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Tasnim Ali

Service Planning and Development Manager, A&E Operations

Tasnim Ali Service Planning and Development Manager, A&E Operations

Tasnim Ali’s role involves working with colleagues in clinical commissioning groups and hospitals to get services right for patients. “Often it’s a trouble-shooting role, trying to sort out problems,” she says. “It is also about building partnerships to improve and influence patient care. I really do try to think about how each one of my actions has a consequence for a patient.”

Tasnim is a registered nurse. She studied for her nursing degree and trained in Leeds, then worked at Airedale until she left the job to have her first son.

He was still very young when she took him for an appointment at the local GP surgery and the doctor, discovering she was a nurse, encouraged her to apply for his practice nurse vacancy. “I used to drop my son at the nursery around the corner,” Tasnim says. “Then work for a few hours, fitting it in around breastfeeding.”

“I’ve always been determined. And I’ve always enjoyed the academic side of the profession. From the GP practice job, I went on to study for my district nurse qualification and then worked in Halifax and Todmorden. At that time I was happy to wear the uniform with its mid-length skirt – my Muslim faith wasn’t as strong as it is now. I think now I would have said no.”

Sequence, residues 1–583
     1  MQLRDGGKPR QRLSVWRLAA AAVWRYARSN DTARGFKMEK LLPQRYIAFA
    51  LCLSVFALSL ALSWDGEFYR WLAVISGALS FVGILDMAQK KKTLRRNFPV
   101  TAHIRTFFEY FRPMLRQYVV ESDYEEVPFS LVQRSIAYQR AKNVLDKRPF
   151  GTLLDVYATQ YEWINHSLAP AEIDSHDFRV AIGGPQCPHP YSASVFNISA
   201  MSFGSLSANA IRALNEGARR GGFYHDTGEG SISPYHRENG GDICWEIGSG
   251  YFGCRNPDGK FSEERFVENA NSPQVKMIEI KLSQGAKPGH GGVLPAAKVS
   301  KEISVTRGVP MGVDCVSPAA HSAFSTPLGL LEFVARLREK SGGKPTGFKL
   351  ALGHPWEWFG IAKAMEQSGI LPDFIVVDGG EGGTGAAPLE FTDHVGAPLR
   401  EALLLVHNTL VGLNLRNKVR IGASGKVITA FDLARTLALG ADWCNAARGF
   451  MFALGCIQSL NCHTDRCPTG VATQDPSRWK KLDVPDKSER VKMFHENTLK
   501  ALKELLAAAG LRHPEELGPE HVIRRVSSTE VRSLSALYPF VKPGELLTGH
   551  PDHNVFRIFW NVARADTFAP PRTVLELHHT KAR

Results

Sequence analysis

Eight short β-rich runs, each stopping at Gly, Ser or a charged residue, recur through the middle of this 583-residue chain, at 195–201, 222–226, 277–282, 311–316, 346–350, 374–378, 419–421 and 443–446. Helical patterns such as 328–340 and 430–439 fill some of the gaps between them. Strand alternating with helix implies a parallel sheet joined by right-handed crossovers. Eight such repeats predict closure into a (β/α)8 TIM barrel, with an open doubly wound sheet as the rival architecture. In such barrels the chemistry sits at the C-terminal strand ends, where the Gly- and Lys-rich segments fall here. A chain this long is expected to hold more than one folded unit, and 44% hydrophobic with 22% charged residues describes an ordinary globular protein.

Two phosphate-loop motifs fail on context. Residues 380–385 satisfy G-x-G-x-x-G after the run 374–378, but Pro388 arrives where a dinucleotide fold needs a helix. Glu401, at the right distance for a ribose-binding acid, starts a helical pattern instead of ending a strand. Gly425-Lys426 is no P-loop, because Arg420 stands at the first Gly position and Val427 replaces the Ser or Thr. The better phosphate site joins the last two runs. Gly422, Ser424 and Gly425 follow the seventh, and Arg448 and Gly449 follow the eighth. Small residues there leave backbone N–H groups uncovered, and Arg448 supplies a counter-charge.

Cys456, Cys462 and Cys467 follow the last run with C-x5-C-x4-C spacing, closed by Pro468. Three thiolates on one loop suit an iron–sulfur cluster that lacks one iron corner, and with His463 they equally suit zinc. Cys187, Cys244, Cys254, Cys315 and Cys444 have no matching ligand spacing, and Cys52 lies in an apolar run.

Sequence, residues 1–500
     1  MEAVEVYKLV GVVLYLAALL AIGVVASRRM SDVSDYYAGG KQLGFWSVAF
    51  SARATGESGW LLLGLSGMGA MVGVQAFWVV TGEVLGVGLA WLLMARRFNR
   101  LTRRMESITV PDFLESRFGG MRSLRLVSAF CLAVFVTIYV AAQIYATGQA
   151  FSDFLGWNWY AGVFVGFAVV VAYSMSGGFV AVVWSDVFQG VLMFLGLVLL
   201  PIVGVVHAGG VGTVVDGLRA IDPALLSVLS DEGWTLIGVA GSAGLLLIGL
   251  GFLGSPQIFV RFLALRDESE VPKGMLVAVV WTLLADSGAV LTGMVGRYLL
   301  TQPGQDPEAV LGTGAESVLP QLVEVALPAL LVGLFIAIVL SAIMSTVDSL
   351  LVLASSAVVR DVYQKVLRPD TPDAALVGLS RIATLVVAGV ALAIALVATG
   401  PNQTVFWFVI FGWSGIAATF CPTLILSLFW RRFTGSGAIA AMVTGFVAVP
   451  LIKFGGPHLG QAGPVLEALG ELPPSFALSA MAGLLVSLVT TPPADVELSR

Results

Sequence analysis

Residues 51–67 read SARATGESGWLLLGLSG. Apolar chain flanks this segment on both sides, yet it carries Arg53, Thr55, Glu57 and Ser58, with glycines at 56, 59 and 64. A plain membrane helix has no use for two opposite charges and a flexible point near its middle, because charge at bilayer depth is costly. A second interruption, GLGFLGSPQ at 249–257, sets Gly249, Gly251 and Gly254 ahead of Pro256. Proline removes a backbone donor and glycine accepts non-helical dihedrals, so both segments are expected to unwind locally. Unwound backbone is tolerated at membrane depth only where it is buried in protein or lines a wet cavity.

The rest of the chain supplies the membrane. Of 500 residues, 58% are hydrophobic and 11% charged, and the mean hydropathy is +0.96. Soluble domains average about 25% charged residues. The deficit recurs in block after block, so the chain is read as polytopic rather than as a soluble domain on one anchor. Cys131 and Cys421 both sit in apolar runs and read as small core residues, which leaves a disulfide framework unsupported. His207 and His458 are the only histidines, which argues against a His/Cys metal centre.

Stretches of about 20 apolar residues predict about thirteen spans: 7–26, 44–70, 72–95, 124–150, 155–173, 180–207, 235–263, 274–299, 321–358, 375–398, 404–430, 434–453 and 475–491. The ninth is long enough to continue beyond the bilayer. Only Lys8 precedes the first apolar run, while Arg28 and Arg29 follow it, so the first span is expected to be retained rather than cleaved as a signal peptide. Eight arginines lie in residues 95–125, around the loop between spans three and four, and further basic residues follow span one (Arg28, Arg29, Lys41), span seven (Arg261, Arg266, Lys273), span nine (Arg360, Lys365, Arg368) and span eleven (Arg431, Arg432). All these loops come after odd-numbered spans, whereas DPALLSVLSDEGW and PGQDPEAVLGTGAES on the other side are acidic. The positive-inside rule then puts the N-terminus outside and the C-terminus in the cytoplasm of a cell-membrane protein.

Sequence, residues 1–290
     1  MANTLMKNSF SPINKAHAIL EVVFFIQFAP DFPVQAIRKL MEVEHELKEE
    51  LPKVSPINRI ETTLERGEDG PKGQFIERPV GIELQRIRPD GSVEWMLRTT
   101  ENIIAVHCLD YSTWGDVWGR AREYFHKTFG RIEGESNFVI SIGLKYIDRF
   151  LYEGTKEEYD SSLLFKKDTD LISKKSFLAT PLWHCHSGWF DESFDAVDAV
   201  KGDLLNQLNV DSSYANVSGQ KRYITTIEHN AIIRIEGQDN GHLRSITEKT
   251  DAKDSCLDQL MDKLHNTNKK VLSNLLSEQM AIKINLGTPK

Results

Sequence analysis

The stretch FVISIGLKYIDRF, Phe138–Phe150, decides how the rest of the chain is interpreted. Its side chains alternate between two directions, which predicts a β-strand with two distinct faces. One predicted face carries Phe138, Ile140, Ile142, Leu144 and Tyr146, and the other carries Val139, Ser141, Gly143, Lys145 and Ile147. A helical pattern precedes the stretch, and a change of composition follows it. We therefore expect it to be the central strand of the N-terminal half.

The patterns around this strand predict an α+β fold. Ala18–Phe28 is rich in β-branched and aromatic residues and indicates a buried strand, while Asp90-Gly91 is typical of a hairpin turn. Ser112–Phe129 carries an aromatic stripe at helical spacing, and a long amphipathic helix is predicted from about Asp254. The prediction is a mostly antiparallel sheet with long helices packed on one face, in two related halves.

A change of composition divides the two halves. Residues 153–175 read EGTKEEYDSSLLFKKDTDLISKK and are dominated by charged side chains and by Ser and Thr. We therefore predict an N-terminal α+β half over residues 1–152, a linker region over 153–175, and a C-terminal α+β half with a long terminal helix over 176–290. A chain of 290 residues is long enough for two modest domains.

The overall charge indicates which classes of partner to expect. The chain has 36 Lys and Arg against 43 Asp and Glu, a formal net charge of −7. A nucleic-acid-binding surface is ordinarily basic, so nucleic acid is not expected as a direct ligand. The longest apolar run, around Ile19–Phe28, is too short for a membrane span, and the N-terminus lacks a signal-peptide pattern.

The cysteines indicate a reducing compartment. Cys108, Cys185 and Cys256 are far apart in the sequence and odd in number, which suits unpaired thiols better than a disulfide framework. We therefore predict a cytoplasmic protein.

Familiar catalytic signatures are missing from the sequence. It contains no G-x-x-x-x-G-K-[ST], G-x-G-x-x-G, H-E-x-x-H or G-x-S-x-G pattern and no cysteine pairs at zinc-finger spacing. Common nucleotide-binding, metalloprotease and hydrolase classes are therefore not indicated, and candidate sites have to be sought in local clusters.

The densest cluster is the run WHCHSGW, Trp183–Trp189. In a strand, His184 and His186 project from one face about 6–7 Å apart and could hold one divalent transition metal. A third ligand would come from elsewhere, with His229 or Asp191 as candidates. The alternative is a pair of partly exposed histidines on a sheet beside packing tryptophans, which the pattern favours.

“I then moved to a new district nursing job in Leeds and had my second son. I went back to work when he was six months old. I think people assumed that, as an Asian woman, I had a big family around me to help with the childcare. But no, they went to nursery.”

“When my second son was only a few months old I got the opportunity to start a masters degree. Yes, it was very hard. It should have taken two years to complete the course but it took me five years. In that time I had two more children, so I had three toddlers at home. What kept me going? I was determined. And I enjoyed the mental challenge.”

Having completed the degree Tasnim took on increasingly senior managerial roles and joined YAS in 2010 as an Assistant Director of A&E in West Yorkshire. It was the most nervous I’d been for any job. My nursing roles had always involved working teams with mainly women. This was a very male dominated environment. But it was fine. People just treated me as me.”

It is remarkable how Tasnim has managed to fit her career and family around each other. “At the heart of all my achievements is my husband,” she says. We now have six children, aged eight to 24. As they have grown up it is him who has dropped them off and picked them up from their nurseries and schools. He gave me the flexibility to follow my career ambitions.

“Whatever I have done I have always been passionate, determined and had a can-do attitude. I’ve learned resilience; to keep going when things are challenging.

In addition to her role in the A&E operations team, Tasnim is also chair of the YAS Black and Minority Ethnic (BME) staff network. She wants to help build the BME representation in the ambulance service and the paramedic profession. In particular she would love to see more Asian women working in the service. “We have some big challenges,” Tasnim says. “But it has been exciting to re-launch the network with the support of the Trust Board. I am sure we can make a difference.”